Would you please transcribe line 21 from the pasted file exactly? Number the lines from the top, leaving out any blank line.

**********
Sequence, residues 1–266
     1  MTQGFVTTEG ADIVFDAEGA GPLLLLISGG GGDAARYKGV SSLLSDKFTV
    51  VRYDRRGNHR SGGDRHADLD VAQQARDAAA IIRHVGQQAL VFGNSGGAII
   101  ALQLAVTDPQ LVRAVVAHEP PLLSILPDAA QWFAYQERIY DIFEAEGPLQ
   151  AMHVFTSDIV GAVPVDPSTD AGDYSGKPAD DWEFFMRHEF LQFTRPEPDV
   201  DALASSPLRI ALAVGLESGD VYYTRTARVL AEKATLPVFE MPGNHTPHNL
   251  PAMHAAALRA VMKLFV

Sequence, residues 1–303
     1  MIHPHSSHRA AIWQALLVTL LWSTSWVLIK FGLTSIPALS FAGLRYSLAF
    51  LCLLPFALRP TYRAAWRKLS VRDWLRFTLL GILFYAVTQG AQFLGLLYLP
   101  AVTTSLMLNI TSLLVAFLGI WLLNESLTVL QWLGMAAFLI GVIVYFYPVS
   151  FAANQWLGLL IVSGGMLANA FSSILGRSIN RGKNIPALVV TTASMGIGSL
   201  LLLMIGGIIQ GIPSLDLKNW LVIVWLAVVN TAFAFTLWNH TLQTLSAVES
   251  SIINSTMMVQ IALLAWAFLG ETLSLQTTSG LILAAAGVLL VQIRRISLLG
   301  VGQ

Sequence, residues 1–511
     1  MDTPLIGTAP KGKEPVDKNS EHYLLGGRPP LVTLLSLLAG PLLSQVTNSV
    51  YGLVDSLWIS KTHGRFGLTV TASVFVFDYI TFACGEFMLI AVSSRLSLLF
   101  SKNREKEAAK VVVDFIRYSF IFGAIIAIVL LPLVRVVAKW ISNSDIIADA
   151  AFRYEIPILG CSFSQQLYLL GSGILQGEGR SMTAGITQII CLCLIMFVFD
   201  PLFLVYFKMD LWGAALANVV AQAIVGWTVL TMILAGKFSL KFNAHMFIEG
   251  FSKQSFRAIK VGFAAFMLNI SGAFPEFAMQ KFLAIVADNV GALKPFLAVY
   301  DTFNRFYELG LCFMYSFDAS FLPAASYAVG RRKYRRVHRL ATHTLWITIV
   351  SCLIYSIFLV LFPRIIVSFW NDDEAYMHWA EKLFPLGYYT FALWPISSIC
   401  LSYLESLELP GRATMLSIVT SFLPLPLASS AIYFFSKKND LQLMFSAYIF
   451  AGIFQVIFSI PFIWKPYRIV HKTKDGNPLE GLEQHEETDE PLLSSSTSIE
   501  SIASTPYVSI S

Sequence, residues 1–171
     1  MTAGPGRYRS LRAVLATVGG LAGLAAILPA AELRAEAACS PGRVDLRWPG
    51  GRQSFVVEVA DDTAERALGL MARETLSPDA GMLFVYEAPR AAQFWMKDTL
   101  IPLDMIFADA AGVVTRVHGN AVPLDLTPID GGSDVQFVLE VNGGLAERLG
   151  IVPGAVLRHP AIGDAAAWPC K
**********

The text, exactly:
   201  PLFLVYFKMD LWGAALANVV AQAIVGWTVL TMILAGKFSL KFNAHMFIEG